What’s the next big thing af­ter oil for Al­berta?

Toronto Star - - OPINION - Gil­lian Stew­ard is a Calgary writer and for­mer manag­ing ed­i­tor of the Calgary Her­ald. Her col­umn ap­pears every other week. gstew­ard@telus.net Gil­lian Stew­ard

Is oil be­com­ing passé?

If so, what is go­ing to re­place it in Al­berta? What kind of in­dus­tries will pro­vide the well-pay­ing jobs that lured so many peo­ple to this province over the past 20 years and kept them here?

That’s the big ques­tion fac­ing Al­ber­tans, and other pe­tro­leum-pro­duc­ing re­gions of Canada, as the bad news re­gard­ing the fu­ture of fos­sil fu­els keeps pil­ing up.

Just last week, the Na­tional En­ergy Board re­leased a re­port in which it fore­cast that fos­sil fuel con­sump­tion in Canada could peak in two years and then drop by as much as 13 per cent by 2040. This is a big shift. It’s the first time since the NEB be­gan fore­cast­ing in 2007 that fos­sil fuel use peaks within the pro­jec­tion pe­riod. Pre­vi­ous re­ports in­di­cated that de­mand would in­crease for the next two to three decades.

Things are chang­ing much faster than pre­vi­ously an­tic­i­pated.

The NEB at­tributes the de­cline in de­mand to: car­bon taxes, which will dis­cour­age con­sump­tion; en­ergy ef­fi­ciency; emerg­ing en­ergy tech­nolo­gies; and slower pop­u­la­tion growth. Global cli­mate change poli­cies and the de­vel­op­ment of re­new­able en­ergy and elec­tric ve­hi­cles are also likely to shrink de­mand for fos­sil fu­els around the world, ac­cord­ing to the NEB.

Of course, this doesn’t mean Canada won’t con­tinue to pro­duce and ex­port oil. Just not as much as pre­vi­ously ex­pected.

Shrink­ing de­mand is not the only prob­lem. Some in the oil­patch are los­ing hope that Al­berta oil will ever make it to Asian mar­kets since the pipe­lines that would get it to coastal ports are ei­ther can­celled or de­layed.

So it’s not sur­pris­ing that in some quar­ters peo­ple are look­ing for some­thing else that will give Al­ber­tans a bet­ter chance at long-term pros­per­ity.

Some­thing like the big idea that Peter Lougheed had in the 1970s when he de­cided to kick-start oil­sands de­vel- op­ment by in­vest­ing mil­lions of dol­lars of pub­lic funds into oil­sands projects and on­go­ing tech­nol­ogy re­search with the in­ten­tion of turn­ing the re­source into a long-last­ing source of in­come for the province.

Lougheed’s vi­sion didn’t turn out ex­actly the way he had wanted and in the last 10 years en­vi­ron­men­tal is­sues and car­bon emis­sions put the oil­sands in a neg­a­tive light, es­pe­cially out­side Al­berta. But there’s no ques­tion oil­sands de­vel­op­ment en­riched both in­di­vid­ual Al­ber­tans and the pro­vin­cial trea­sury over decades. So what’s next? Calgary has the high­est clus­ter of en­gi­neers and in­for­ma­tion tech­nol­ogy pro­fes­sion­als in the coun­try thanks to the oil and gas sec­tor. Many of them are out of work but they have the kind of skills that could be trans­ferred to the tech sec­tor. And it is the tech sec­tor that many en­trepreneurs in Calgary are bet­ting on.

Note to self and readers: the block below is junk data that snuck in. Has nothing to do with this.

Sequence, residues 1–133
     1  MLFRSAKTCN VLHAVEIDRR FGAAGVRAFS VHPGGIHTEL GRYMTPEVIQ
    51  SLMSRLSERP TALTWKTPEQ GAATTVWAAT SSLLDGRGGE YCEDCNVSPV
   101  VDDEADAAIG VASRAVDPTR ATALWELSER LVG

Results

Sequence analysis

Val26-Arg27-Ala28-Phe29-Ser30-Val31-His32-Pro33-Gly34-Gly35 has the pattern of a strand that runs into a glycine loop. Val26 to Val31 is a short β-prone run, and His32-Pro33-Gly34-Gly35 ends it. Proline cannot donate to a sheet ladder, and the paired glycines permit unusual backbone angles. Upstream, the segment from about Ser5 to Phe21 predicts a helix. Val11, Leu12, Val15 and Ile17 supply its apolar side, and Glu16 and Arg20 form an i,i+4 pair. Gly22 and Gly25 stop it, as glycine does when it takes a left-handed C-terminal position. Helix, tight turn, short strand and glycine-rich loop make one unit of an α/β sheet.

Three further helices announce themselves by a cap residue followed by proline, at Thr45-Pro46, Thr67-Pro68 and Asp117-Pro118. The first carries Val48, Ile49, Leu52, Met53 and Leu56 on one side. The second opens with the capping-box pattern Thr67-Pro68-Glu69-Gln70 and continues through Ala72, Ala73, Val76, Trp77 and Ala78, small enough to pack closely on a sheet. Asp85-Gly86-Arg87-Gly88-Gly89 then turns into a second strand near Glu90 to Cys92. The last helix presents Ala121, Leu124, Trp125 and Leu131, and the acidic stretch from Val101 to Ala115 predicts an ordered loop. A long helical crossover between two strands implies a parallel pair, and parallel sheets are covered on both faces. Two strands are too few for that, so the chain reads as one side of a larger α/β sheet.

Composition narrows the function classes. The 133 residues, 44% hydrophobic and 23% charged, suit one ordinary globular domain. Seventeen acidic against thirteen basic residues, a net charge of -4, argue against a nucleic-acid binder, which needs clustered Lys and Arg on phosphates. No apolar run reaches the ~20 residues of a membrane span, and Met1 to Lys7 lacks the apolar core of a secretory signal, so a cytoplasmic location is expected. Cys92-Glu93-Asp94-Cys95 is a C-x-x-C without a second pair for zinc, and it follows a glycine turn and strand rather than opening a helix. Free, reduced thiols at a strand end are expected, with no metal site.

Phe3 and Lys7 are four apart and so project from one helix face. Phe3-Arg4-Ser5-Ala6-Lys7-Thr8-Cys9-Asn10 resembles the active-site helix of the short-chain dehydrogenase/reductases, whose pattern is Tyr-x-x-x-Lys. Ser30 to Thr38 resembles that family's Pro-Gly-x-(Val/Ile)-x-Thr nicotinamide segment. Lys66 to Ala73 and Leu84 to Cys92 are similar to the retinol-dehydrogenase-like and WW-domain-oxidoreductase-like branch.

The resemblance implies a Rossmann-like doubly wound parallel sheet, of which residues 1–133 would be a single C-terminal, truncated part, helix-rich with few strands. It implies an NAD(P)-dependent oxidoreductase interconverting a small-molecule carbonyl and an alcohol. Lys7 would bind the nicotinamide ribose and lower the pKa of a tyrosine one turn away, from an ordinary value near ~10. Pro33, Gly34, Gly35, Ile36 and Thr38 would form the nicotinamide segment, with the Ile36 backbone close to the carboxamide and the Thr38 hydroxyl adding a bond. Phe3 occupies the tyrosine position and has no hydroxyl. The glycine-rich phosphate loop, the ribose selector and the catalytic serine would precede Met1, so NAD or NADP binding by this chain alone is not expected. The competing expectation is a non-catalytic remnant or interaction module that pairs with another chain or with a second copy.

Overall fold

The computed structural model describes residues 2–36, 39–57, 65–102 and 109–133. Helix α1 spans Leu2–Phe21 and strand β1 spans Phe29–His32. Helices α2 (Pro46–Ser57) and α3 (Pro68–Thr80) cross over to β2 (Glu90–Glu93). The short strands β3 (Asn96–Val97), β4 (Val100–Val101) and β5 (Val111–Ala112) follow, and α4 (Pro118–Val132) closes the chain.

Rocket Space, a Sil­i­con Val­ley firm, is mov­ing into Calgary next year. There’s plenty of empty of­fice space.

And like Toronto, Calgary has put to­gether a bold bid for the next Ama­zon head­quar­ters. Even if it doesn’t win, it hopes its pitch will at­tract lesser stars so the city can be­come a tech-hub.

And then there are the well-funded star­tups look­ing at how water tech­nol­ogy could play a role in Al­berta’s fu­ture.

At the Univer­sity of Calgary, re­searchers are try­ing to fig­ure out how they can de­car­bonize oil ex­trac­tion.

There are no such big ideas com­ing from our cur­rent crop of po­lit­i­cal par­ties.

The NDP gov­ern­ment of Rachel Not­ley is push­ing re­new­able en­ergy projects as part of a plan to re­duce car­bon emis­sions. But while switch­ing to re­new­ables and nat­u­ral gas will clean up the in­fras­truc­ture that de­liv­ers elec­tric­ity, we won’t be sell­ing or prof­it­ing from re­new­ables or re­new­able tech­nol­ogy the way we do from oil.

The new United Con­ser­va­tive Party, now led by Jason Ken­ney, doesn’t even ac­knowl­edge cli­mate change or the need to re­duce car­bon emis­sions.

It sim­ply wants to cut taxes, es­pe­cially the car­bon tax, and cut spend­ing, and some­how quickly bal­ance the gov­ern­ment’s books.

They seem to think that some­how, de­spite all ev­i­dence to the con­trary, Al­berta can sim­ply re­turn to the days of $100-a-bar­rel oil and un­fet­tered oil­sands de­vel­op­ment.

Those days are over. That’s why we need to start work­ing on the next big thing.

Calgary has the high­est clus­ter of en­gi­neers and IT pro­fes­sion­als in Canada thanks to oil and gas. Many are out of work, but can ap­ply their skills to the tech sec­tor that the ma­jor­ity of en­trepreneurs in Calgary are bet­ting on

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